I've known Steve Gevinson for over 40 years — as a friend, business associate and co-author of our book, Increase the Peace, a manual for teachers who want to facilitate discussions regarding school violence.
Based on that long-term experience covering two-thirds of my life, I believe I speak with some authority about Steve's character and suitability for a position on the school board.
Steve is perhaps the most ethical person I know. I do not mean to say he follows some strict code of conduct, but rather that he aims simply to do the right thing. He's the sort of person who seems to believe that the world would be a better place if we do our best to be honest, forthright and decent to our fellow humans, even if it's not always in our immediate self-interest to do so.
Steve is one of the brightest, most intelligent people I know. He is a very thoughtful man, with a passion for knowledge that we shared during our years together in college and graduate school. His intelligence is both abstract and concrete, and he seems equally comfortable talking about philosophy as he does conversing about sports. He is a fine writer (and reader!) and good at math; that's a rare combination.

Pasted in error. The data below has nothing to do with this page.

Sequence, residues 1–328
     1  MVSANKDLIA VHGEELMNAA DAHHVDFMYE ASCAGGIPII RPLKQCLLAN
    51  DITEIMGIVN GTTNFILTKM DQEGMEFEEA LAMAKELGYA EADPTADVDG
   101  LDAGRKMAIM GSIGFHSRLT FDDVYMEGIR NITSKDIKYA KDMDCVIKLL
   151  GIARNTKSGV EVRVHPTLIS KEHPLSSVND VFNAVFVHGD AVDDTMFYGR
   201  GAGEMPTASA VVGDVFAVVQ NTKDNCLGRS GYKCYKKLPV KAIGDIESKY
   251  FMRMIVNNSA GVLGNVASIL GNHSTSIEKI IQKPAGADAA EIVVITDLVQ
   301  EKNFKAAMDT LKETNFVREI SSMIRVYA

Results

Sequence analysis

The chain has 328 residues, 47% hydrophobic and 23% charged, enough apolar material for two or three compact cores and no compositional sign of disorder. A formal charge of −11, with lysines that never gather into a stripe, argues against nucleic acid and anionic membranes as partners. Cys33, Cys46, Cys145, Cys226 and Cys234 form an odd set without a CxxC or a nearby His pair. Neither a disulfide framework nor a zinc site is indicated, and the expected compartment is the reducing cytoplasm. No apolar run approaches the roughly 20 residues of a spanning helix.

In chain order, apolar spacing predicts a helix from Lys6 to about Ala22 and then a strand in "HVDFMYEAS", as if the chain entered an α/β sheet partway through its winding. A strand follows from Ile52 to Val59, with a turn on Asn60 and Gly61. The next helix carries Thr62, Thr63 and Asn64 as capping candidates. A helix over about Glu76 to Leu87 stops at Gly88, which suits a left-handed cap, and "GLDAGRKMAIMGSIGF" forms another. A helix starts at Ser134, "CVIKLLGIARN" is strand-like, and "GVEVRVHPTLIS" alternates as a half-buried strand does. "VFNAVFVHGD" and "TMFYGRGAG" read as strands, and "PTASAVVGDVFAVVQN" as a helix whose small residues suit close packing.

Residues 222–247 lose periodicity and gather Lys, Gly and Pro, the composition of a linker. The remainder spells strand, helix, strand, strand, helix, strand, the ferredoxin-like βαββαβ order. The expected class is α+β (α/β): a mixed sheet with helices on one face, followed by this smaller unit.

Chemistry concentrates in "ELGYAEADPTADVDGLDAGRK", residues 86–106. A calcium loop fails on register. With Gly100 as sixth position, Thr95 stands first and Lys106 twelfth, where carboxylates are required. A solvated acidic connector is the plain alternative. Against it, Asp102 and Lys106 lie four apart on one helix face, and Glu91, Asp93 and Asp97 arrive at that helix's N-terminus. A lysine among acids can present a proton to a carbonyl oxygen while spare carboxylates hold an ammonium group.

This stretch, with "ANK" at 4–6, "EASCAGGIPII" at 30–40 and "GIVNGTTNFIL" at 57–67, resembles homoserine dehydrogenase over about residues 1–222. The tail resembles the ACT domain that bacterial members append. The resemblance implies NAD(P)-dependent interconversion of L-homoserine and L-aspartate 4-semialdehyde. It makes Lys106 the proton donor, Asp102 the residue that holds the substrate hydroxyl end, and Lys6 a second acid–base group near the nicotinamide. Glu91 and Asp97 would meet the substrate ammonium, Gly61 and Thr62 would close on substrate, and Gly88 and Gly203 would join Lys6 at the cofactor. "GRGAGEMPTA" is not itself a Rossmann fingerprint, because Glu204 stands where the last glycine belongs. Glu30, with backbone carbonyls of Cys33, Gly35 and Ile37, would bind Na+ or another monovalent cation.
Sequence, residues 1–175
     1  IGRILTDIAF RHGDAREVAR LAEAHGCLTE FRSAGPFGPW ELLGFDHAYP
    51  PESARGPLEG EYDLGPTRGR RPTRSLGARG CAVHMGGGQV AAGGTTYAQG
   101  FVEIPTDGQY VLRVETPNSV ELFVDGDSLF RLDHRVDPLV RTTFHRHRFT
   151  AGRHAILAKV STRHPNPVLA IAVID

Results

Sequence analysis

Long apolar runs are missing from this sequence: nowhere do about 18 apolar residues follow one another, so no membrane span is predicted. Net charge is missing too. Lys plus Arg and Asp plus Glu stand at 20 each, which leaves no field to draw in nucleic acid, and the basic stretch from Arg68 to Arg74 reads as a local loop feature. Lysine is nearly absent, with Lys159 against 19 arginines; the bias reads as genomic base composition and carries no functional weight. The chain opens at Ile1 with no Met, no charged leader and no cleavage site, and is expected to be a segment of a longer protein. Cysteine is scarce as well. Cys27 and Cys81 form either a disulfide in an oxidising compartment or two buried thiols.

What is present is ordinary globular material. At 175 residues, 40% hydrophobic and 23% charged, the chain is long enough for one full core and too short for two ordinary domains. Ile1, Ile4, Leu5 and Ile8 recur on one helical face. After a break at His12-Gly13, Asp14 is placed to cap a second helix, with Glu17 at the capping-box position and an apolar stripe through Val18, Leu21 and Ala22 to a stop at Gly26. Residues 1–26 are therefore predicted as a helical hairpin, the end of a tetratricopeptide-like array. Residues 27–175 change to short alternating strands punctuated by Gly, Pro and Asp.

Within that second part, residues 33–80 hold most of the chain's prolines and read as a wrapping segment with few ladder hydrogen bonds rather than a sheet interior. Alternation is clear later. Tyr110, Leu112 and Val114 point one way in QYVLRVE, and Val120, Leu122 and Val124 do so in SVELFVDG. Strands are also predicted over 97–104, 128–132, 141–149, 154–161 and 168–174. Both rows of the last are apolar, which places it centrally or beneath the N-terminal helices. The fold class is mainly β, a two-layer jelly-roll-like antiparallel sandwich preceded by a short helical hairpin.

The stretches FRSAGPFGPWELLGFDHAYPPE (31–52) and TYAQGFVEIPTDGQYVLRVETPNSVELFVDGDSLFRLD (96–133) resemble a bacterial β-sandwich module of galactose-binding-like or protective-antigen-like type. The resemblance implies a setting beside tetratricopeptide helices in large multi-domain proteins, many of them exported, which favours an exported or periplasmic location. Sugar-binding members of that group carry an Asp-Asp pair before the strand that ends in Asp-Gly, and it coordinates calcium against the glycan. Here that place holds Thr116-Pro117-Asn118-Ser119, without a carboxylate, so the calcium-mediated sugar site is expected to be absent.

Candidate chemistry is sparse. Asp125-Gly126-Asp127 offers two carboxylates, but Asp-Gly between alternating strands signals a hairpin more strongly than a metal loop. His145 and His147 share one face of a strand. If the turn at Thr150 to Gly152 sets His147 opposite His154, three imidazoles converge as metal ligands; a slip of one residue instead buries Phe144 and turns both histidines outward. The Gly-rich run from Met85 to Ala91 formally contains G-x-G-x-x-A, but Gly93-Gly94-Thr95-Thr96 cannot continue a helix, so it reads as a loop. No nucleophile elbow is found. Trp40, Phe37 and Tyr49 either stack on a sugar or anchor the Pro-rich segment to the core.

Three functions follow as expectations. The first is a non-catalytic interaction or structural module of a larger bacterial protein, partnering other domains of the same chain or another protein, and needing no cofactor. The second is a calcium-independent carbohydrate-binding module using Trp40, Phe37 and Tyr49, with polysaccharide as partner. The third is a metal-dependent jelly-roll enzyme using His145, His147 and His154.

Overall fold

Steve is a person who seems naturally inclined to commitment. When he believes in something, he gets behind it.
He's not afraid to take positions, and when he does, he's an articulate advocate for those positions. In a dispute, you want him on your side.
I believe this combination of qualities — ethics, intelligence and commitment — along with his three decades of teaching experience at Oak Park and River Forest High School, make Steve Gevinson perhaps the best choice for school board that we've had in a very long time.
Am I biased? Of course! But you would be too if you knew Steve Gevinson as well as I do.
David C. Hammond
Oak Park resident and Wednesday Journal blogger